Sodium Erythorbate/Cure Excellerator

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Why would you need to inject Sodium Erythorbate?
The antioxidant properties of SE is really why I use it. It fixes the color, helps with fat rancidity (Freezing) and helps to deplete nitrite. I think that my hams taste better with SE, and I think the same in my smoked sausage. I do not use it with bacon, but would if I could find a way in my process. SE has no down side in cured and or smoked meats. It is counterproductive in semi-dried or dried meats and sausage, but for the rest of the meats I add it when I can. Not for the speeding of the cure, but because of the better quality of the final product. It’s good stuff if used the right way Keith.
 
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Why would you need to inject Sodium Erythorbate?
Food safety regs require commercial meat producers to use sodium erythorbate (se) when injecting sodium nitrite (sn) cure. The rationale is not to accelerate the cure times, but to ensure depletion of unused nitrite that doesn't fixate to meat. The added results of fixing the deep color consumers associate with cured meat and the antioxidant (preservative) property for both meat and fat is a win-win situation for producers.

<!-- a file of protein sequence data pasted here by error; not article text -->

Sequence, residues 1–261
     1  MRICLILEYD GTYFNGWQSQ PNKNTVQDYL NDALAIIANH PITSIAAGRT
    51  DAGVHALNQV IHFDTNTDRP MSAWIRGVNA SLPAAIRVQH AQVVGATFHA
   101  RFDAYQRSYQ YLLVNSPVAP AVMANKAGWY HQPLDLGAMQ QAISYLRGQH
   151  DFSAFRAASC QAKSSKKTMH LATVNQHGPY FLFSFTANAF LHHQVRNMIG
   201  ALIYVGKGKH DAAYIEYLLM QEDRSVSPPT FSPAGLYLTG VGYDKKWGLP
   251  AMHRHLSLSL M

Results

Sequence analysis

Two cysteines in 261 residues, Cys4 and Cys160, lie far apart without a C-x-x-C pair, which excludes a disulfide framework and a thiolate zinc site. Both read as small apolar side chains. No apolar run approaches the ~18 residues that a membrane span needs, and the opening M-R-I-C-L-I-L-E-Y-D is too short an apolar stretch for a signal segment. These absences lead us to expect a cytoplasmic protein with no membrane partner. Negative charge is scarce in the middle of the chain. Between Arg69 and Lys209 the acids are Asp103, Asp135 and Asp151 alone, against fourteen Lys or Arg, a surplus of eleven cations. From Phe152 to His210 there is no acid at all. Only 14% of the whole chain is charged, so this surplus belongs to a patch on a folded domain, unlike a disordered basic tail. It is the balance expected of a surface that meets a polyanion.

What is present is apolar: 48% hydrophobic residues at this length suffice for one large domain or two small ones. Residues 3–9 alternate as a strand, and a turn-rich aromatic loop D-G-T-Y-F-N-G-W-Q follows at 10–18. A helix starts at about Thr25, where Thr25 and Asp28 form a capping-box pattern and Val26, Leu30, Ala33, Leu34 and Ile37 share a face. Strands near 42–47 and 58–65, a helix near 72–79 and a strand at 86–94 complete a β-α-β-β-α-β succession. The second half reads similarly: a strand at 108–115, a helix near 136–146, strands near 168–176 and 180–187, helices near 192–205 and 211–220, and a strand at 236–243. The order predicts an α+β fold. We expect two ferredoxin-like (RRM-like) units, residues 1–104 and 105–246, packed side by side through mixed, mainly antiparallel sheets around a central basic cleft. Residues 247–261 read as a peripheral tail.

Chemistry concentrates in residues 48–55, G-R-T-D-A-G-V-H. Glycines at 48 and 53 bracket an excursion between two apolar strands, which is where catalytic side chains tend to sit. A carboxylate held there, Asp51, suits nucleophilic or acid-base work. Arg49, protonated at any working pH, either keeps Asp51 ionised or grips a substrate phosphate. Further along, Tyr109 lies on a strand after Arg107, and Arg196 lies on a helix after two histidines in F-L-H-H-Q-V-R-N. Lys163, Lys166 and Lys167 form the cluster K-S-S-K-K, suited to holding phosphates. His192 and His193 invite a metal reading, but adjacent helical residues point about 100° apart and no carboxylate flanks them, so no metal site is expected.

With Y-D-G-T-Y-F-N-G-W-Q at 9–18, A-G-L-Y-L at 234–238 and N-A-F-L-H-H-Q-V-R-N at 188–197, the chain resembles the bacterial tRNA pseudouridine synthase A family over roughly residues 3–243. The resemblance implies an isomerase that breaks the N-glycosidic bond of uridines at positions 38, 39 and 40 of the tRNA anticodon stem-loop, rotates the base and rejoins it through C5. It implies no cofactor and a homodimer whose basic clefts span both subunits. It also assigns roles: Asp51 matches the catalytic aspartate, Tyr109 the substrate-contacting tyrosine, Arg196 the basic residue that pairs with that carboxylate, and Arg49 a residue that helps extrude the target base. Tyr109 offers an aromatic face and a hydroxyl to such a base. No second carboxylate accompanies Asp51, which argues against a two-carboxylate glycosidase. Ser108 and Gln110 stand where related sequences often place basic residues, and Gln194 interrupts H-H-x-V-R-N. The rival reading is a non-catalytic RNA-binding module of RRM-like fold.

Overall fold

Of course, the commercial producers add the maximum amount of STPP binder to hang on to the 20% pump moisture. The high pump is also why the commercial producers are limited to ~120 ppm SN in their cure.

I'm looking beyond the traditional recipes that use SE only in ground meat products with #1 cure.
 
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Agree, but,,,

The wait brings the flavors together and makes a better sausage. Sure you can grind mix stuff and smoke same day,,,, but why would you?
Hmmm, you said earlier in this thread... "Erythorbate doesn’t work that fast. It’s really not a mix stuff and smoke product".
 
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Hmmm, you said earlier in this thread... "Erythorbate doesn’t work that fast. It’s really not a mix stuff and smoke product".